Does anyone seriously still deny the war crimes committed by the Imperial Japanese military against women of many nationalities forced into sexual slavery during World War II? Apparently so. In fact, they retained one of the nation’s largest law firms, Mayer Brown LLP, to remove a modest monument to the brutalized and murdered “Comfort Women” from a Glendale city park, until the massively bad press forced them drop out of the suit. Clearly, Mayer Brown’s shadowy clients would prefer to obscure the past, which makes a new, internationally crowd-funded Korean Comfort Woman drama timely and necessary. Heartbreak is inevitable in writer-producer-director Cho Jung-rae’s Spirits’ Homecoming (trailer here), which opens today in New York.
Fifteen-year-old Jung-min was a bit of a bully growing up in the Korean countryside, but she will become as much of a protector as she can to the other abducted girls, particularly the shy Yeong-hee. Like the other enslaved Comfort Women, Jung-min is constantly raped and beaten by soldiers throughout each day. It is a Hellish existence, but she might be strong enough to endure.
Somehow, Yeong-ok survived the torture of that particular comfort station, but she remains haunted by her memories. Decades later, she lives a quiet life tailoring ceremonial garments until she meets, Eun-kyeong, the new apprentice of an old shaman friend. Somehow, Eun-kyeong is especially sensitive to the spirits from Yoeng-ok’s past, receiving regular visions of the horrors that transpired in her comfort station.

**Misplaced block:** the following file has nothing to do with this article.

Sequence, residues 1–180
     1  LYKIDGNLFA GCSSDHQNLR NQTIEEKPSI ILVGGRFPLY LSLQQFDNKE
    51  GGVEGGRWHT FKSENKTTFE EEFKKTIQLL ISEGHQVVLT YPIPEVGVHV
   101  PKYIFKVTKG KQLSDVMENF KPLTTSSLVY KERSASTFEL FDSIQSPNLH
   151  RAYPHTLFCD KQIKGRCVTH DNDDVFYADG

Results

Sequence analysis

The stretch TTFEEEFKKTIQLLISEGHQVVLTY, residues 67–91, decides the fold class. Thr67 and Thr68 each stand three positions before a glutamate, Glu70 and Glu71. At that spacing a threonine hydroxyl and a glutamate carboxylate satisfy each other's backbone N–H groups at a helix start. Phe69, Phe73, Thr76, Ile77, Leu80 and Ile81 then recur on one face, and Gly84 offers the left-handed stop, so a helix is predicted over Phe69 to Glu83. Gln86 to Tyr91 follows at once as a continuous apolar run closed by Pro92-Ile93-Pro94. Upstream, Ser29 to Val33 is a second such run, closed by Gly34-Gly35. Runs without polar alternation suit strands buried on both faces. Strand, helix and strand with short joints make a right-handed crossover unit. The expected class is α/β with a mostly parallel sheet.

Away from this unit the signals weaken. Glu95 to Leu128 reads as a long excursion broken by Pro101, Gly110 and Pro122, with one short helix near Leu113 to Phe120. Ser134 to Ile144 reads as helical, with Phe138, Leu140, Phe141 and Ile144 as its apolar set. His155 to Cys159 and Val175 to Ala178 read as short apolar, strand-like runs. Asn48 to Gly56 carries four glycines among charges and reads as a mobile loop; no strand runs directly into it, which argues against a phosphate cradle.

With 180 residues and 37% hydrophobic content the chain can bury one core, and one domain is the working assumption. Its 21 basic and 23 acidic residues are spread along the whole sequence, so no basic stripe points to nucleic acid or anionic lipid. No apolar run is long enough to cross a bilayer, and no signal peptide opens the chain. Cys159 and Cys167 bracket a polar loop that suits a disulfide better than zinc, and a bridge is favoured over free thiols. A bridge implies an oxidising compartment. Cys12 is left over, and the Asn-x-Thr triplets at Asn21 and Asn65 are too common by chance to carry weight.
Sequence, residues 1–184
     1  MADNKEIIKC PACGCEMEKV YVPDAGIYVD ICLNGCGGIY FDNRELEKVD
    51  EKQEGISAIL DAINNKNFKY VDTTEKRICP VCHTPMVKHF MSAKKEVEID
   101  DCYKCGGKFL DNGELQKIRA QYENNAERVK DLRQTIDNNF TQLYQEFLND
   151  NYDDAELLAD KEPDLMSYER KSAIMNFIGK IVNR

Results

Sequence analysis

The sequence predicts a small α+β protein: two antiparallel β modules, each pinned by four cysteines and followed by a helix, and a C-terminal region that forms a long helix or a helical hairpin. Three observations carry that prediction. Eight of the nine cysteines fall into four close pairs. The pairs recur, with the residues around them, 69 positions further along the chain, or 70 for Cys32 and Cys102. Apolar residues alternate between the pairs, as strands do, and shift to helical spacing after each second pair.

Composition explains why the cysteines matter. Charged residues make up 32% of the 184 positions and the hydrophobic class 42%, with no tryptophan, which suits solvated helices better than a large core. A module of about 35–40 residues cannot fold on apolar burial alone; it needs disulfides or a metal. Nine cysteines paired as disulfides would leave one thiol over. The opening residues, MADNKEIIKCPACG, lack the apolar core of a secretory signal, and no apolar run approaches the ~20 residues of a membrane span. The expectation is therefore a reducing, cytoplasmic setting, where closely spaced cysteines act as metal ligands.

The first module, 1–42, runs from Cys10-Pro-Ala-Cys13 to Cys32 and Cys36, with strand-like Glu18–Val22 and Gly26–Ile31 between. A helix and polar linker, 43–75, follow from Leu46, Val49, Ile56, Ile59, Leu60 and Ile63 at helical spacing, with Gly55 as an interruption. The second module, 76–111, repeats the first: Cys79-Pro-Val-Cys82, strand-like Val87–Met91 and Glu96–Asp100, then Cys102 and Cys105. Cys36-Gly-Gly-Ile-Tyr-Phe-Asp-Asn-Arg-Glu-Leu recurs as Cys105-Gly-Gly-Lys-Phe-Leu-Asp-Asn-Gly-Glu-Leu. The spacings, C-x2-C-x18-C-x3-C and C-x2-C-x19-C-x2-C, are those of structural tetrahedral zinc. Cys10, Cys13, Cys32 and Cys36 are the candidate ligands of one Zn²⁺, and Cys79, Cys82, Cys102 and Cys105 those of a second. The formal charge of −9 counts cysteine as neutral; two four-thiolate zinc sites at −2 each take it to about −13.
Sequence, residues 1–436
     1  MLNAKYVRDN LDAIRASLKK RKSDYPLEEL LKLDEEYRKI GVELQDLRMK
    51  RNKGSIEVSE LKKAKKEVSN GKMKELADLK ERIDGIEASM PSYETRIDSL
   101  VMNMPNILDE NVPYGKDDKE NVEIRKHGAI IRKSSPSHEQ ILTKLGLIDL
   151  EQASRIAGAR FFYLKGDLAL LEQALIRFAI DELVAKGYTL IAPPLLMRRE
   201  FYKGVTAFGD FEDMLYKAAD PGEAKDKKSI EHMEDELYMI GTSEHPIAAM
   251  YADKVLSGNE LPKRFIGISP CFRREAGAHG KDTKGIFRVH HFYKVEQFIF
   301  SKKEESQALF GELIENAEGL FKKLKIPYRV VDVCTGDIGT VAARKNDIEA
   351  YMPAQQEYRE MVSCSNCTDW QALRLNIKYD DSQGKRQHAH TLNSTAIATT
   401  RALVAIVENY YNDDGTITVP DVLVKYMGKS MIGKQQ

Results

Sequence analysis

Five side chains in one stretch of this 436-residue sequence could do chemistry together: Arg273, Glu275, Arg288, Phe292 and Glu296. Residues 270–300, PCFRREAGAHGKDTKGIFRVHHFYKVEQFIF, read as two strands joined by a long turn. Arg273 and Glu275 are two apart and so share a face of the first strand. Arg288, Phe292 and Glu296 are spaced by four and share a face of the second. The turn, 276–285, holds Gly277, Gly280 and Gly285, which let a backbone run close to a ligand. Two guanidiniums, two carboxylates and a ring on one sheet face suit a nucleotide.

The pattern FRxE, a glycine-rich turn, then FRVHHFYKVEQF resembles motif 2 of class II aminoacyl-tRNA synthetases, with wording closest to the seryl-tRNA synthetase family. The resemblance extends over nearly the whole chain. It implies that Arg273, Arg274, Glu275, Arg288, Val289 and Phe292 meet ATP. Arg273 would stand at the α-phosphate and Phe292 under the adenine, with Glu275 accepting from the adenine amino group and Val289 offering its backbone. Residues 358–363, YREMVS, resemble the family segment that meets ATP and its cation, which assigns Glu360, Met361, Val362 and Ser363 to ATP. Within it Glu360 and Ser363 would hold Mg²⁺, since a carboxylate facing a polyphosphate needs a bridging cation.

Cho cross-cuts the two temporal narrative threads, contrasting the wartime atrocities with contemporary apathy and skepticism. Although the film is not sexually explicit per se, Cho never waters down the reality of their situation. As a result, Homecoming is often a hard film to watch, especially because the victims are all so young—fourteen or fifteen being the norm.
Kang Ha-na and Seo Mi-ji are quite remarkable as the young and painfully vulnerable Jung-min and Yeong-hee. They are completely convincing in what can only be described as unimaginable situations. Yet, there is nothing forced or affected about their performances. Rather, they are distressingly in the moment. While the contemporary storyline lacks the emotional force and visceral outrage of the wartime sequences, Son Sook still lends the film some mature grace as the woman now calling herself Yeong-ok.